Down below is The Horse's Mouth, featuring Narrows board member, and bass player, Clem Brown, daddy of the young fella with the violin way up above. (Clem is the guy sitting down with his eyes closed.) The Horse's Mouth did the straight ahead rock 'n' roll thang. Special salute to Clem for volunteering so much of his time to the Narrows. Our board members have a low profile and we don't get the chance to thank them publicly. So your humble blogger will take this opportunity: Thanks Clem! (By the way, I also dug your melodic bass playing.)
Friday, February 17, 2006
- Looks like a good crowd for Fred Eaglesmith on Saturday night, but a good number of tickets are still available. Walk ups should be no problem.
- Tom Rush tickets are moving quickly, so we advise you to get your tickets darn soon. He'll be here Saturday, March 10.
- Leo Kottke, who's coming to the Narrows in October, is already selling tickets! My, my, my.
- Nice photos in the Thursday, February 16 Projo Massachusetts section. Fab photo dude C. Eugene Emery, Jr. took great shots of Lucy Kaplansky and her opener Craig Cardiff. We particularly liked the Craig Cardiff photo because it kinda makes the Narrows look like MTV Unplugged or something.
- In case you haven't heard, Ray Davies' CD is coming out in a matter of days. God save the Kinks!
Thursday, February 16, 2006
Tuesday, February 14, 2006
And tickets ARE STILL AVAILABLE.
Meet the guy who has inspired a horde of "Fred Heads" around the country:
Sunday, February 12, 2006
Ray has his first solo album coming out later this month.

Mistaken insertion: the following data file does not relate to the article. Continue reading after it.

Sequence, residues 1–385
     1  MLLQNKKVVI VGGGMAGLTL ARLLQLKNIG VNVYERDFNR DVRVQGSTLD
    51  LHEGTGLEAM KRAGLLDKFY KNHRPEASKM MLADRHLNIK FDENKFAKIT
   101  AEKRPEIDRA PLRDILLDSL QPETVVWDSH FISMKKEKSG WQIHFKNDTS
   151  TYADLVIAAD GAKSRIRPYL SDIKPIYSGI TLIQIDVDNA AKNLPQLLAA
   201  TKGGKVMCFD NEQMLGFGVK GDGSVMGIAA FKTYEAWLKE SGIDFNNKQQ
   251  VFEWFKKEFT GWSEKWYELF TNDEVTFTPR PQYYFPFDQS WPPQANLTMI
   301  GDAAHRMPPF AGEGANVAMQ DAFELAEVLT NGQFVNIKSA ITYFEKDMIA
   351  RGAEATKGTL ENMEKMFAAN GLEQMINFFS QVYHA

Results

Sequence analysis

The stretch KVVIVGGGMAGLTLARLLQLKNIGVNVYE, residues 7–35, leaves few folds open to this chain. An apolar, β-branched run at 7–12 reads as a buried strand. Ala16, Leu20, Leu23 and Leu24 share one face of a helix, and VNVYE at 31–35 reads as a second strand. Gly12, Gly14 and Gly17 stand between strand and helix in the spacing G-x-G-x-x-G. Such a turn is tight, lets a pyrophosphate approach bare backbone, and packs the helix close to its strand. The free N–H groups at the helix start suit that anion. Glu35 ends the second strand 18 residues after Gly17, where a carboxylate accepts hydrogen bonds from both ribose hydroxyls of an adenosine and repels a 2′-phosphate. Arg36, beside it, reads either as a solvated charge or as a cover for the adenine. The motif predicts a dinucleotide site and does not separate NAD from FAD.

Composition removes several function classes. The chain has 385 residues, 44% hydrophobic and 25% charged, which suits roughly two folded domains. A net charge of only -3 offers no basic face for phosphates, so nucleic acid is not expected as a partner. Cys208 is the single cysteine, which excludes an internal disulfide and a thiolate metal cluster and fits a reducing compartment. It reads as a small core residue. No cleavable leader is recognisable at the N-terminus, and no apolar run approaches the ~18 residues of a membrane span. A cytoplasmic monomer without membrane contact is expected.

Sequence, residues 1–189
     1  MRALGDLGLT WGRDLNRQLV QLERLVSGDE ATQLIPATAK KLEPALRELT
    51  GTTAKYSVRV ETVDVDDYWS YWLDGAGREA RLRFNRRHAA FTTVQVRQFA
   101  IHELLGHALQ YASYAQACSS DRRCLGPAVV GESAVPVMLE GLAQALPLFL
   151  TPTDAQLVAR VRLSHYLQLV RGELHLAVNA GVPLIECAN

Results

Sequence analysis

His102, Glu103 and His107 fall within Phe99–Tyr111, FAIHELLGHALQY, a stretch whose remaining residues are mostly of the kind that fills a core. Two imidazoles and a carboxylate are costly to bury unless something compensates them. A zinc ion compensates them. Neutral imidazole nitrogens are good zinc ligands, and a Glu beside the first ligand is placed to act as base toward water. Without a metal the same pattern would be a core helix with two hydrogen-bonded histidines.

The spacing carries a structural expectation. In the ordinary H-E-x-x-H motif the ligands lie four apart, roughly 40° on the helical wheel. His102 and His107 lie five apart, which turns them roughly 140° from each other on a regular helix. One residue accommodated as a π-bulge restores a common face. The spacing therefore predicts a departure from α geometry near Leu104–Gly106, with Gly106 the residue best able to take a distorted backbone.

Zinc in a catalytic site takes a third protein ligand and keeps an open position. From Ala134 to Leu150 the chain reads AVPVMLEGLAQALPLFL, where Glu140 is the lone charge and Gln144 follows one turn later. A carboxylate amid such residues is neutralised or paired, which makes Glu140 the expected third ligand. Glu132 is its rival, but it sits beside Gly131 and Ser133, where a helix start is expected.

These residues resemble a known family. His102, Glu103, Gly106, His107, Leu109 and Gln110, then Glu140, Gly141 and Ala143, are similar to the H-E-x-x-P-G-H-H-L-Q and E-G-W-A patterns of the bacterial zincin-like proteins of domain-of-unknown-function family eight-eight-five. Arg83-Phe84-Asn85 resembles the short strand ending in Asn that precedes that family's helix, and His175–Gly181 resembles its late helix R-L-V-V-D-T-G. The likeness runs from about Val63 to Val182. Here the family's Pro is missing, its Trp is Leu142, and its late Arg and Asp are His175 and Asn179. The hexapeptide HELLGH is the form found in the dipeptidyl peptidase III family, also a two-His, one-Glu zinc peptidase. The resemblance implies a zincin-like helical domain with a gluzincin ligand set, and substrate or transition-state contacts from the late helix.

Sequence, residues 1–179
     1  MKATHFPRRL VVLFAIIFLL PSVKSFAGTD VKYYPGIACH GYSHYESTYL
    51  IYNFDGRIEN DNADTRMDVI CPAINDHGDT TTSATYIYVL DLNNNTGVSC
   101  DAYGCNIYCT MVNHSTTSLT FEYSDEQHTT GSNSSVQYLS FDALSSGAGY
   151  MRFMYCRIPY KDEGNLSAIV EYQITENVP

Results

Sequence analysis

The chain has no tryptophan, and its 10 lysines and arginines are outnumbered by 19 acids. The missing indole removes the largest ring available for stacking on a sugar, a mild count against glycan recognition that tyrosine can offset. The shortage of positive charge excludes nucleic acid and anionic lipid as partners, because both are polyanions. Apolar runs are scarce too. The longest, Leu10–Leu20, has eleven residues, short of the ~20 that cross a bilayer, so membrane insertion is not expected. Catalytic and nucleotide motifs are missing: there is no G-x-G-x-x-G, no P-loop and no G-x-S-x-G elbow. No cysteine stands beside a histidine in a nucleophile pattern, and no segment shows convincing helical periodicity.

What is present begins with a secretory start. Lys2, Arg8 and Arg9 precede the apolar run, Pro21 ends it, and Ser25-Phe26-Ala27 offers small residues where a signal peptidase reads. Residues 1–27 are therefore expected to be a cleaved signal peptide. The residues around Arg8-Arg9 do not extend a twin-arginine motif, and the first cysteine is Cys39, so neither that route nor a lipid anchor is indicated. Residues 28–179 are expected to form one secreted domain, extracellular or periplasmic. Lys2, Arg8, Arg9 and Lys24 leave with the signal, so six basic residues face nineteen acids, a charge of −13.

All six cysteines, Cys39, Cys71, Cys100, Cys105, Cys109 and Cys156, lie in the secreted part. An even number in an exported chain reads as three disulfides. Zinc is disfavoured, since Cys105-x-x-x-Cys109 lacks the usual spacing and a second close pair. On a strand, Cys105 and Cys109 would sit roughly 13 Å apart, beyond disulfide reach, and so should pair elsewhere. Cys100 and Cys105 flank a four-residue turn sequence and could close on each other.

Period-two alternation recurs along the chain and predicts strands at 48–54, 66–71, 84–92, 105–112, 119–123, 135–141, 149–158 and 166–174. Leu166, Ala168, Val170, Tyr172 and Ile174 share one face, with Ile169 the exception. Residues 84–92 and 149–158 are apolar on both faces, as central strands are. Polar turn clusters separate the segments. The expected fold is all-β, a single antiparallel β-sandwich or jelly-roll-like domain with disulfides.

Read the entire interview by clicking here.
Saturday, February 11, 2006
It was steel guitars, drums, bass and an electric guitar that sometimes sounded like organ, with passionate vocals that brought the crowd to its feet for much of the night.
Can I get an "Amen?"
More photos coming!
Thursday, February 09, 2006
The Campbell Brothers (okay, I know there are a couple women in the group, but let's move past that) mix gospel with steel guitar. If you've visited the Narrows recently you probably heard their music played before the regular show begins and after the first set. We believe in this group, and we hope you will too by buying a ticket for the Friday night show.
Learn more at www.campbellbrothers.com.
Currently the Gallery features a couple of artists who graduated from Southeastern Massachusetts University (SMU) now called UMASS Dartmouth.
Your humble blogger took these shots on Saturday and forgot to write down who was who, so if I get this wrong, leave a note. Anyway, up above is Robert Dec. And down below is Phil Oliveira.
Sunday, February 05, 2006
If you've seen Lucy, you know she's a friendly, sociable person, ready to take requests from the audience and to sign CDs. The crew at the Narrows also found her gracious "backstage," a very low maintenance performer.
We hope to have her back as soon as possible.
The opening act was Canadian singer/songwriter Craig Cardiff, who impressed the crowd with his songs and singing, and also his gadgetry. He had one of those loop pedals, or whatever you call them, and actually sang harmony with himself. It was very cool and creative. He sold a lot of CDs after his part of the show.
Many new faces came to the show, which makes us very happy! To survive, we need to keep building our audience base, and it seems we're doing that while keeping our wonderful regulars, such as Tom and Lynne and you-know-who-you-are. We love you and appreciate your longtime support of the Narrows!
Special thanks to Griffin Mfg. for making a $500 donation during the show! Griffin Mfg. is a continuing fiscal supporter of the Narrows. I'm sure they join us in asking that other folks who have donated in the past join them in "renewing" their donation to the Narrows.
Saturday, February 04, 2006
So much so that we're bringing her back on April 22 to open for our fave Sarah Borges, whom we discovered opening for Grace Potter.
It's funny how that sometime happens.